It all started long ago, when Los Angeles was graduating from a river-side farming community to an urban center for film and westward expansion. Downtown’s Historic Core, sprinkled with early 20th century hotels, train depots, glamorous movie “picture palaces” and proud Fountainhead-esque office buildings, has been both an extended Hollywood backlot and a testament to the great era of Beaux Arts and Art Deco architecture for nearly a century. This may be the city that never walks, but today you’re lacing up your shoes and taking a walk through the streets.
On screen darlings are made of stucco and steel
Start at Union Station, the 1939 train station that has served as a backdrop for so many cosmic meetings and partings. You might recognize it from The Way We Were, Blade Runner or even The Dark Knight Rises. The building’s Mission Revival exterior’s defining feature is a tall, stucco bell tower. Inside, the iconic passenger waiting terminal is full of dim brown, yellow and orange hues above oversized waiting chairs. Join a Saturday morning walking tour for 10 USD to find out more.
Hop on the Red Line to Pershing Square and get off on the 4th Street side next to Angels Flight, the tiny orange rail car that lifts passengers to the top of Bunker Hill. Opened in 1901, it has lifted most passengers to the top of the hill; but for a few, it’s spelled sudden death, inspiring its appearance in Kiss Me Deadly and lots of noir literature. Admire from the safety of the street at Grand Central Market.
Step through the market to Broadway at 3rd to see the Bradbury Building. Peek inside the lobby of the 1893 Bradbury, the oldest commercial building in the central city, and see why it’s been at the center of iconic films like Blade Runner and (500) Days of Summer. Three floors of wrought-iron railings and open-cage elevators sit under a glass ceiling that fills the Victorian lobby with light from morning until night.
Big screen movie palaces recall a bygone era
Admire the view of the opulent facade of the 1918 Million Dollar Theatre, Los Angeles’ first “grand movie palace,” across the street.
Then, walk south down Broadway, past colorful bodegas and shops selling Mexican “sweet sixteen” dresses and keep looking up. Starting in 1910 with the opening of the Neoclassical Cameo Theatre, Broadway would be the center of the emerging moving picture industry until Hollywood started to move west in the 1930s, precipitating a struggle and eventual shuttering of most of these glamorous picture houses.
Your stroll will take you past the remaining marquees of the 1910s, which proudly light up jewelry and discount gadget shops today. Starting with the Million Dollar, those theatres would be outmatched by the ever-more-grand movie houses of the 1920s. The Art Deco-style Roxie, built in 1931, was the last of the era.
Now, you can walk through a bargain swap mall where the Roxie’s lobby used to be. But not all of the beauty of the interiors has been degraded and destroyed by neglect and demolition. Poke your head in on a film crew shooting in the excessively ornate French Baroque lobby of the restored 1931 Los Angeles Theatre, admire the Beaux Arts exterior or the Spanish-style interior of the 1921 State Theatre, or catch a show at the Orpheum, a 1926 vaudeville playhouse that’s now a concert venue.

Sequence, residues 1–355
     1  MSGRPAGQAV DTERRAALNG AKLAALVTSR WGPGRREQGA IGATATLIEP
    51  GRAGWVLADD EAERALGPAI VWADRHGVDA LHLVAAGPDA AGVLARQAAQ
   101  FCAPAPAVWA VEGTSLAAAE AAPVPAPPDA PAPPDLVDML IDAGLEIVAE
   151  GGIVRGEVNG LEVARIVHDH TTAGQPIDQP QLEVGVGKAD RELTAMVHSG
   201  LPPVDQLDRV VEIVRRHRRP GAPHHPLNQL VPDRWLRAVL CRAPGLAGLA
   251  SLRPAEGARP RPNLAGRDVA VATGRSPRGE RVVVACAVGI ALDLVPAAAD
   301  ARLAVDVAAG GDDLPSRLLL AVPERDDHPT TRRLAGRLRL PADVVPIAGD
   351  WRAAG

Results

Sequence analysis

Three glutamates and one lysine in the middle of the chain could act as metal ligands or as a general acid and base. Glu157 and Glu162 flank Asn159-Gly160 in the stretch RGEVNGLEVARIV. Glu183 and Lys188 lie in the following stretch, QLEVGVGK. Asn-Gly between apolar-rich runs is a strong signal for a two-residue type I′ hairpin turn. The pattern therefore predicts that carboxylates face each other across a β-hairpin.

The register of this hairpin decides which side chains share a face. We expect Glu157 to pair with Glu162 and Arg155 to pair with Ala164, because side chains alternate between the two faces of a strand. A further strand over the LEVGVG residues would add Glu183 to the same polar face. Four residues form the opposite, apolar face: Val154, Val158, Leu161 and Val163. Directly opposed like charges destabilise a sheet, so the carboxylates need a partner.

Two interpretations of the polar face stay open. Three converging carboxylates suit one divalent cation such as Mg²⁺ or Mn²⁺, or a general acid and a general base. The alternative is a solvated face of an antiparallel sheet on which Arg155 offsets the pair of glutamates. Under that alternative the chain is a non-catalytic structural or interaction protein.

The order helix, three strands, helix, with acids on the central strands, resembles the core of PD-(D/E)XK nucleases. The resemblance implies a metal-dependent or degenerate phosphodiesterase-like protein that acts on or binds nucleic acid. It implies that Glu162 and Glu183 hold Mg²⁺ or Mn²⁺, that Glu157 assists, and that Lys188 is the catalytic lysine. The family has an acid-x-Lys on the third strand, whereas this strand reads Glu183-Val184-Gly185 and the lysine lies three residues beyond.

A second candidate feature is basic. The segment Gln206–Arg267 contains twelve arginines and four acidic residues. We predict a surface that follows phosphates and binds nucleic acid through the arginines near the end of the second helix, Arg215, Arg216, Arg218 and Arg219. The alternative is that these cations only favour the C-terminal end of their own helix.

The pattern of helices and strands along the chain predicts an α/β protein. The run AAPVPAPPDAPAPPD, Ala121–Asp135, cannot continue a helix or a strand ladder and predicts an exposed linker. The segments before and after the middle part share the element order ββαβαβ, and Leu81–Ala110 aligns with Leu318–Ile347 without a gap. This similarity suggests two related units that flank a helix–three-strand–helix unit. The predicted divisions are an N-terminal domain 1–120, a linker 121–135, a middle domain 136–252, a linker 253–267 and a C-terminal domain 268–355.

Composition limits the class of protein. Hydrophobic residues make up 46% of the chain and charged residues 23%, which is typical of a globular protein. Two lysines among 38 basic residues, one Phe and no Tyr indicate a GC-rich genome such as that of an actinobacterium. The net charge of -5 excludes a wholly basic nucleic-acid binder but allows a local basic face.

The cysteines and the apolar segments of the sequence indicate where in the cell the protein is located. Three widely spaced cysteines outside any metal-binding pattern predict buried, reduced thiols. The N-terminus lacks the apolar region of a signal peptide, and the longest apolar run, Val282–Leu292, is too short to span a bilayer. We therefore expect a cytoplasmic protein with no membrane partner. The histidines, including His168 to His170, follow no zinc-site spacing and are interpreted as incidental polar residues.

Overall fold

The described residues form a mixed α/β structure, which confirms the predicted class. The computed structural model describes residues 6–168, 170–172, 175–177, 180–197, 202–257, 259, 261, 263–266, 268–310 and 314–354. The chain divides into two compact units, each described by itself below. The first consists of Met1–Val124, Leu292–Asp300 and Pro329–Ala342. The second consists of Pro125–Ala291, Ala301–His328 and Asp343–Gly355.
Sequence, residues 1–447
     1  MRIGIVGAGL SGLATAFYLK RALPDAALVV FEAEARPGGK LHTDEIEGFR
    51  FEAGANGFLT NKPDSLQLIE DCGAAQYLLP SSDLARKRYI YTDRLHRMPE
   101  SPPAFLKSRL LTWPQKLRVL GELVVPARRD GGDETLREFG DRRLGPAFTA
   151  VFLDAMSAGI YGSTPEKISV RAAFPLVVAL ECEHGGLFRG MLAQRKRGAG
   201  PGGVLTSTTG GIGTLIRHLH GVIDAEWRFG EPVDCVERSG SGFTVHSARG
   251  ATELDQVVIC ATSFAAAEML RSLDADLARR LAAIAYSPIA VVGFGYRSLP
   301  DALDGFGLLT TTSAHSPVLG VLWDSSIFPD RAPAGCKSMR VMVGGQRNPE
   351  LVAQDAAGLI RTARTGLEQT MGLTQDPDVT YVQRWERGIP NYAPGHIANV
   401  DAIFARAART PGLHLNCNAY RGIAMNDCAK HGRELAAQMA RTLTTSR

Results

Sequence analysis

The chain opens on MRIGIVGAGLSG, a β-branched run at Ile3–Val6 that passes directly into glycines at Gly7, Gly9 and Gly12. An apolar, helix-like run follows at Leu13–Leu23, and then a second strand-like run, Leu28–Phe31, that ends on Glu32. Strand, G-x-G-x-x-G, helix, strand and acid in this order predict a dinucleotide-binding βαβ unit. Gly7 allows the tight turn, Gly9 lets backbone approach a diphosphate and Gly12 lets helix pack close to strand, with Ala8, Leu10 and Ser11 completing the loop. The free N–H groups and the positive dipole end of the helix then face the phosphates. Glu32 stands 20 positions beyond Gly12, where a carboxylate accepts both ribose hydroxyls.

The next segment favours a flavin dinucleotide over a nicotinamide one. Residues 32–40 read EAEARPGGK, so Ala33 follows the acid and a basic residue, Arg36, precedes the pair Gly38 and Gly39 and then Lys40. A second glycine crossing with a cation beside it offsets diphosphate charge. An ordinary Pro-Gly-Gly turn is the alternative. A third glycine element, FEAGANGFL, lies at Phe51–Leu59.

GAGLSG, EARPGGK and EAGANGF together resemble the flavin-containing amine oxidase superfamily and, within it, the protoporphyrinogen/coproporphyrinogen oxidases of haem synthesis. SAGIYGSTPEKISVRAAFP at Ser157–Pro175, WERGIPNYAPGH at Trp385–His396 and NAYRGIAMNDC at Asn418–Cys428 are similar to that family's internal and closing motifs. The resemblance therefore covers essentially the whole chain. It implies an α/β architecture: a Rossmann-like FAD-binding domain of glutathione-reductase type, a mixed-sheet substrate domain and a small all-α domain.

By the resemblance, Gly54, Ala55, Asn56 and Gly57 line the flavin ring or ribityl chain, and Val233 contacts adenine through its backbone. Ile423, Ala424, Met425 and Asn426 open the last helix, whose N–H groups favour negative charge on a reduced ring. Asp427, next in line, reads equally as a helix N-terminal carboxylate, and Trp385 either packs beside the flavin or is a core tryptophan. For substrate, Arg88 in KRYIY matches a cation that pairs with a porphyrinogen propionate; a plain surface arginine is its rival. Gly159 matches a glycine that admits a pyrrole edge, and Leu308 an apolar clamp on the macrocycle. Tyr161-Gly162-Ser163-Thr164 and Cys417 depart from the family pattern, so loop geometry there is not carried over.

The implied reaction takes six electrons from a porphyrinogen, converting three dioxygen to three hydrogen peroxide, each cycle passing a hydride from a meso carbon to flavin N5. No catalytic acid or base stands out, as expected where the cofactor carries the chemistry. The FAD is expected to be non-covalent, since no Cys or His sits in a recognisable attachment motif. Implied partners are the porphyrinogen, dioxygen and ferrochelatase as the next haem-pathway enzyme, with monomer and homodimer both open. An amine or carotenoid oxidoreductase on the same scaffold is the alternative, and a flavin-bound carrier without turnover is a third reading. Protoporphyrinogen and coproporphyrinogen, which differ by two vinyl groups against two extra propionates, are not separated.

Hotels tell the story of cinema history
Once you pass 9th, you’ll end your theatre-district tour at the 1927 United Artists building, named for the studio founded by Charlie Chaplin, Mary Pickford, Douglas Fairbanks and DW Griffith. Inside the Spanish-style facade is the ultra-modern Ace Hotel, which has tastefully mixed and matched original Gothic and Spanish details with its own updates. Most notably, the Ace Theatre, surrounded in spirally Gothic columns reminiscent of the Sangrada Familia, has been restored to a film, music and event space at the Ace. Ask the concierge about a tour.
Walk west on 9th to make a loop to Grand Avenue and head north. Pass 6th Street and arrive at the Biltmore Hotel, the site of many early years of the Oscars ceremony. In 1923, this statuesque Beaux Arts temple was the largest hotel west of Chicago. A mural behind the lobby desk depicts a lush, California lifestyle fit for Roman gods. Across the arcade, you’ll discover ballrooms covered in Renaissance frescoes, Baroque tapestries and Venetian glass chandeliers. Then, stop off at Rendezvous Court to see the grand, Spanish Baroque staircase. Take a comfortable seat while you order a three-tiered tray of goodies for high tea or, as Don Draper prefers in one of his many scenes shot here for “Mad Men,” an Old Fashioned.
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Spend a day in the past with an Historic Core tour
Spend three hours revisiting the early 1900s to see where movies were born and bred when you visit the Historic Core of Downtown Los Angeles. It’s a piece of history that has reimagined itself just as many times as directors have called “Action” and “Cut” along its streets and in its buildings.
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